The International Center aims to promote events in Indiana that highlight and celebrate cultural diversity and international relations. Whether you like to engage in international diplomacy, eat Chinese food, dance to Russian music, celebrate a French holiday, or participate in Scottish games, we hope you’ll find a way to celebrate and participate in our global city.

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7:00 pm

Great Decisions: China and Africa

February 9 @ 7:00 pm - 8:30 pm
Free – $30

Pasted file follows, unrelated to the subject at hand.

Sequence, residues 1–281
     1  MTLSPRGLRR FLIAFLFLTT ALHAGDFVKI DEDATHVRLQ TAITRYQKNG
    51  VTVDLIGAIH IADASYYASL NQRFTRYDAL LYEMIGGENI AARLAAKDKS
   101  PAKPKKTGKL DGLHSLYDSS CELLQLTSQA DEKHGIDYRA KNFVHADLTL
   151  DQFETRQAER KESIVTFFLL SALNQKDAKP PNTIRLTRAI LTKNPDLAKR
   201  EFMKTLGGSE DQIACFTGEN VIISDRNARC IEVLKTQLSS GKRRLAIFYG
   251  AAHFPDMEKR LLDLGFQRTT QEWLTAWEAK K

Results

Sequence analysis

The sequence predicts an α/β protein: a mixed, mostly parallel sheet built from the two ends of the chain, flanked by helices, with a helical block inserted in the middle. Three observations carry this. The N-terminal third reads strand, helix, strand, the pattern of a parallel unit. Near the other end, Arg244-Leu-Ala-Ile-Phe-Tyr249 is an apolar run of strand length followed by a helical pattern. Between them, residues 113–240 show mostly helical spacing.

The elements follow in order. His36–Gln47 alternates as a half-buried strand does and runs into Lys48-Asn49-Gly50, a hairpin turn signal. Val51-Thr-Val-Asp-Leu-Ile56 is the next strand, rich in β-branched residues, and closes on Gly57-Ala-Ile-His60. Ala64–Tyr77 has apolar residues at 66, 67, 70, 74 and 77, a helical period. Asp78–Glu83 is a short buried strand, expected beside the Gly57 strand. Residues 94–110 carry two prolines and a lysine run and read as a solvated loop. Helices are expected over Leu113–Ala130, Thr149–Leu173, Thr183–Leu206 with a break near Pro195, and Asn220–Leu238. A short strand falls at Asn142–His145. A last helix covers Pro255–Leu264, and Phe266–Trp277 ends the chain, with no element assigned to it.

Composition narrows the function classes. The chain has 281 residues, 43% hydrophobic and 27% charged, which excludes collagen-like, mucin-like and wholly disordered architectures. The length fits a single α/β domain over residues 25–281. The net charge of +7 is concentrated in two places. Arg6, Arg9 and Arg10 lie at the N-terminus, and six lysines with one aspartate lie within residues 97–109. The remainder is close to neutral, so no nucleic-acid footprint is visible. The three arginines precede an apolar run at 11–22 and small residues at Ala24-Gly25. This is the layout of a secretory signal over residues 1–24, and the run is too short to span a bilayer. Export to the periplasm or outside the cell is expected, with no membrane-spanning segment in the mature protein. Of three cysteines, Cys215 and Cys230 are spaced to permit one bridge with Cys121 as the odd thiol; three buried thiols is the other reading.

About the Speaker Dr. Didier Gondola is Professor of African History and Africana Studies at Indiana University – Purdue University, Indianapolis. He served as Chair of the IUPUI History Department in 2012-2018. He earned a Ph.D. in African History from the Université Paris 7 in 1993. His publications include numerous articles and chapters on popular cultures (music, fashion, gambling, and memory), gender and postcolonial issues in Central Africa and the African diaspora in France. His most recent book, Tropical Cowboys: Youth Gangs, Violence, and Masculinities in Colonial Kinshasa (Indiana University Press, 2016), examines the ways in which young people commandeered images from Hollywood western movies to forge new standards of manliness and masculinities in 1950s Kinshasa. His book Africanisme: La crise d’une illusion (Paris: L’Harmattan 2007) explores the connections between African studies in France and French policies in Africa. In 2002, he published The History of Congo (Greenwood Press). He is also the co-editor (with Charles Tshimanga and Peter Bloom) of Frenchness and the African Diaspora: Identity and Uprising in Contemporary France (Indiana University Press 2009). During academic year 2008-09, he was selected as a US Department of State Fulbright scholar and carried out both research and teaching activities at the Université de Kinshasa, Congo. Recipient of the prestigious Eurias fellowship, he spent the 2011-12 academic year at the Nantes Institute for Advanced Studies in France where he developed the Tropical Cowboys manuscript. In 2015, he was selected as senior resident at the Collegium of Lyon, France, and spent the entire 2015-16 academic year there working on a 450-page biographical manuscript about André Matswa, a Congolese activist and charismatic visionary who campaigned for the extension of French citizenship to French Equatorial Africa in the 1920s and 1930s. The manuscript is based on oral interviews and over 20,000 pages of archival material collected at the Archives Nationales d’Outre-Mer, Aix-en-Provence, France, and is under contract with Les Éditions de la Sorbonne in Paris. Since stepping down as Chair of the IUPUI Department of History in 2018, Professor Gondola has been involved in an ambitious collaborative project that focuses on the emergence of HIVs in colonial Africa. The project brings together a team of virologists, epidemiologists, demographers, historians, and anthropologists based in the US, Europe, and Africa and has resulted in the publication of an edited volume, Aids and Its Viruses: Origins of a Pandemic, with Ohio University Press. He is currently in the first stages in the development of a long-term research project on the Chinese presence in Kinshasa (Congo) and Libreville (Gabon).

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